Every business records its income and expenses so the business owners can calculate how much money they’re making and what tax they need to pay. Cash accounting is often used as an accounting method by small businesses that want to keep their financial affairs simple.
What is cash accounting?
When small businesses use cash accounting they will record income in the period when it’s received and expenses in the period when they’re paid rather than when the transaction takes place.
For example, in a cash accounting business, you would issue an invoice for goods or services, but for accounting purposes, you wouldn’t record the transaction in your books until the invoice is physically paid by your customer. Similarly, with expenses you might order products from a supplier and they would send you an invoice with 14 days payment terms on it. You wouldn’t record a payment for that invoice until you actually make the payment.
Cash accounting vs. accrual accounting
Under the accrual accounting method, a company records revenue or expenses before any cash changes hands. For example, if you create a sales invoice, you would record that at the date you raise it in their accounts ledger under accounts receivable as monies due to your business. Similarly, with an expense you would record it on the date you receive a bill or invoice from your supplier rather than the date it gets paid. This would be recorded in accounts payable as a debt you owe.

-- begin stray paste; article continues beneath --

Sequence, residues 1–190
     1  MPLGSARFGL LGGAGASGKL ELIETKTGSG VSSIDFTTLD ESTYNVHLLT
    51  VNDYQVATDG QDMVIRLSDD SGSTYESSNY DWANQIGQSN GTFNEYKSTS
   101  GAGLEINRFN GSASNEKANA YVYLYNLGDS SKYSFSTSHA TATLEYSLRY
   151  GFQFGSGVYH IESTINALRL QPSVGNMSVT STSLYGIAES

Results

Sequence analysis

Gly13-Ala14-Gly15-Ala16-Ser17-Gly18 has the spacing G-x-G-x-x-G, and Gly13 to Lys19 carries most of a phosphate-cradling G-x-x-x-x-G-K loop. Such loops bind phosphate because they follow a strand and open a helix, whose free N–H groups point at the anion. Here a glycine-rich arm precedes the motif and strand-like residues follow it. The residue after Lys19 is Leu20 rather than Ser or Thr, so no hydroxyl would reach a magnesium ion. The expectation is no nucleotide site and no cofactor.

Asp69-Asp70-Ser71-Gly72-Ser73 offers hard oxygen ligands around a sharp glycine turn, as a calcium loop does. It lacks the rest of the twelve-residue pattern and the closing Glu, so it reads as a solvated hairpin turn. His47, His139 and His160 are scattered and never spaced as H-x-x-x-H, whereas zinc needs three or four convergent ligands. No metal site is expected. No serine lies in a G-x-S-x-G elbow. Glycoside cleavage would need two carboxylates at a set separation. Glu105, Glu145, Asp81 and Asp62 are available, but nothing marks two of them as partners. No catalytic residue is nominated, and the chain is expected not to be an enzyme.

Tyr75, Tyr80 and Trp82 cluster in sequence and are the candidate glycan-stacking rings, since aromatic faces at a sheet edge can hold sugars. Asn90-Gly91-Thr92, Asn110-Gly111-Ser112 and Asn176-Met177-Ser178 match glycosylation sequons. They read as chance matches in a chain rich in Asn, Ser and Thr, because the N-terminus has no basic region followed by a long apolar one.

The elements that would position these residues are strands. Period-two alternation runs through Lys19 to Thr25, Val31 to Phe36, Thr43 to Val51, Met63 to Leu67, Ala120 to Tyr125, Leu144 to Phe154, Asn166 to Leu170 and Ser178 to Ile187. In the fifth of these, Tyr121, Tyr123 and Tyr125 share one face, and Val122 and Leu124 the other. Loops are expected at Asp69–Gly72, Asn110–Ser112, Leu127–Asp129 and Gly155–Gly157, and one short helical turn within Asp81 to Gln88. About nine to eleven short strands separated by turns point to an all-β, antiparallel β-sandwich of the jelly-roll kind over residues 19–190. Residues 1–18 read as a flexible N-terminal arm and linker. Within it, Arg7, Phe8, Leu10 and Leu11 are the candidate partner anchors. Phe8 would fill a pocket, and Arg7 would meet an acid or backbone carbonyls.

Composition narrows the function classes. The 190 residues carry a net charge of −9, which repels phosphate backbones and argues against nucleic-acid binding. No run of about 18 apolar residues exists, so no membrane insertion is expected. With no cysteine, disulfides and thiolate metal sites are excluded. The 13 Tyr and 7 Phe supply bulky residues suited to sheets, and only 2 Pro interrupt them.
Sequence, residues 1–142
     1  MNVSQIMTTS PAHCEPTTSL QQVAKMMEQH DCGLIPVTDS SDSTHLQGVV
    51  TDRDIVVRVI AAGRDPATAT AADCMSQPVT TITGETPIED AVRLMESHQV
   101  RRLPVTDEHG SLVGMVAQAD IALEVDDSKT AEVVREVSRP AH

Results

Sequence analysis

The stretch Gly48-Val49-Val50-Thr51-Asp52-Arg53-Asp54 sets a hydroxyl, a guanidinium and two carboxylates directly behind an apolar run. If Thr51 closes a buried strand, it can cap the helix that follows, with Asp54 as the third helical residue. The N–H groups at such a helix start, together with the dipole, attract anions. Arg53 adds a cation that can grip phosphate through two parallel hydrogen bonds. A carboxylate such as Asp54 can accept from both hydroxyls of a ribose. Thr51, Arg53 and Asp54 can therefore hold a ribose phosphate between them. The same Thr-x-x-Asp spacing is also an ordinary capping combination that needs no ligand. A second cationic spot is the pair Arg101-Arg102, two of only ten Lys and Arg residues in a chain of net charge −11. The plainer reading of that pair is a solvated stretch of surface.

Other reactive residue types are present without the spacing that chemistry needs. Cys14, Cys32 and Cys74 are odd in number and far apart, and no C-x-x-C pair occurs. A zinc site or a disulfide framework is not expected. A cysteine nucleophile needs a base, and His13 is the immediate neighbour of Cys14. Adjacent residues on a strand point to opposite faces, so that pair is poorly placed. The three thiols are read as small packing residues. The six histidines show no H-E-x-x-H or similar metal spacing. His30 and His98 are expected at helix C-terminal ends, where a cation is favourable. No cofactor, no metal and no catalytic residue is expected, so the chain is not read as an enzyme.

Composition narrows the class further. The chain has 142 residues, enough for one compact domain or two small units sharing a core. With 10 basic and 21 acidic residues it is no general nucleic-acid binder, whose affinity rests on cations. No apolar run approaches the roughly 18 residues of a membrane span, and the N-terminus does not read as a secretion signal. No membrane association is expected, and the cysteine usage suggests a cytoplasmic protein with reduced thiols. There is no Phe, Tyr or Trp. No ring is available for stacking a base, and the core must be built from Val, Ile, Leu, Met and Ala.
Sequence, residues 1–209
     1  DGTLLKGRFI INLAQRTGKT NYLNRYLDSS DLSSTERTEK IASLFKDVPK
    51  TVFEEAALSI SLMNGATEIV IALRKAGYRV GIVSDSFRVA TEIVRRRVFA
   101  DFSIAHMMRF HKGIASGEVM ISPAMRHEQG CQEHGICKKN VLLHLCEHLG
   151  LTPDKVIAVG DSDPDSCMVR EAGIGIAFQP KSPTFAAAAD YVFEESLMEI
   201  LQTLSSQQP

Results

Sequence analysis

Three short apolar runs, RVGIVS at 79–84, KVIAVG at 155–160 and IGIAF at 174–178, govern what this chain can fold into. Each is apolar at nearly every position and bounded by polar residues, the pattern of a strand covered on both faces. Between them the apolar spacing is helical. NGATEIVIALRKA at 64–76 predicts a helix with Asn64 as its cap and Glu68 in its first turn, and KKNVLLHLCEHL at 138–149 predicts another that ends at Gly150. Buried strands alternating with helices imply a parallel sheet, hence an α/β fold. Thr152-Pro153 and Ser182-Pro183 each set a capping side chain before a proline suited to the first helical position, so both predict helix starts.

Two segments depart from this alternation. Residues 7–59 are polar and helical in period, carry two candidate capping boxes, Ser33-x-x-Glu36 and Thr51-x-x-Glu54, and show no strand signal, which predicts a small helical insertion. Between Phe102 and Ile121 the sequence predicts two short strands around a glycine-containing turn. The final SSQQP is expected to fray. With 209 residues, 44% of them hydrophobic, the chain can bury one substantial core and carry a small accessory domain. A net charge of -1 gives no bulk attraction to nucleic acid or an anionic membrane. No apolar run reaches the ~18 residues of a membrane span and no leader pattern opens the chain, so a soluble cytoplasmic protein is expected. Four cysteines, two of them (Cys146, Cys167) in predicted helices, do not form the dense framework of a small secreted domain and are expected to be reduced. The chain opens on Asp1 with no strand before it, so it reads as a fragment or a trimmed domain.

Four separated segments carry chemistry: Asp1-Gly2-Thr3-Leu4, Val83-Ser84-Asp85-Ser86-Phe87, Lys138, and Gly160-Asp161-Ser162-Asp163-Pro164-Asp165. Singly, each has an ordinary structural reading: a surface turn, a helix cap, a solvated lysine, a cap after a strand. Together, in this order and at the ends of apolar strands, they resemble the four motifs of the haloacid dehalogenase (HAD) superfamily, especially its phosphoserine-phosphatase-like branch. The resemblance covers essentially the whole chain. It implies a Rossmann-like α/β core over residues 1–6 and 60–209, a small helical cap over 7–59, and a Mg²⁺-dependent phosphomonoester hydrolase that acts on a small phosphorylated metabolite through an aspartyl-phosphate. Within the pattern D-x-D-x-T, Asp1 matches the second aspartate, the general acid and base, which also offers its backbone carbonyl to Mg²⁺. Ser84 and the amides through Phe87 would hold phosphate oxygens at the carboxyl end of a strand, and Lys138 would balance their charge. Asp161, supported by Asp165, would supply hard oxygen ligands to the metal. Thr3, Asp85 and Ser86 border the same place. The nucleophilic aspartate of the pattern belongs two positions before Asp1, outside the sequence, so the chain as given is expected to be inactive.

The advantages of cash accounting
Improved cash flow is one of the major advantages of using cash basis accounting because you know exactly what you have in the bank. With accrual accounting, you have to factor in future payments. For example, if you’re VAT registered and operate on a cash basis you don’t have to pay VAT until you actually receive payment from a customer (more of which below). However, it does mean you can’t reclaim VAT on purchases you make from a supplier until you’ve paid the bill.
In addition, cash basis accounting is a simpler way of recording income and is beginner friendly. If you’re new to business and accounting, it can be easier to start this way then move to accrual accounting as your business grows.
VAT cash accounting scheme
If you turn over more than £85,000 a year, you have to pay VAT to HMRC. Under the Cash Accounting VAT scheme you pay VAT or reclaim VAT on the basis of when payments were made or received. Under the Standard VAT Scheme a business’s VAT is recorded at the date an invoice is raised or a VAT invoice is received, not when payment is made or received. It means you might have to pay VAT bills before you’ve been paid the cash needed to do so.
The scheme also can’t be used on the following transactions:
- Transactions with payment terms longer than six months
- Goods imported from the EU
- Goods moved outside a customer’s warehouse
- VAT invoices raised in advance
Cash accounting FAQs
What is an example of cash accounting?
Ginger’s restaurant receives a bill for £2,000 for electricity. Under cash basis accounting that bill is not recorded in their accounts until it is paid, i.e. cash changes hands or an electronic transfer is made. If they were to use accrual accounting it would be recorded in their accounts payable on the date they received the bill.
What is the cash accounting limit for VAT?
HMRC’s VAT scheme, when using cash basis accounting, is only available for businesses with an annual VAT-taxable turnover under £1.35 million.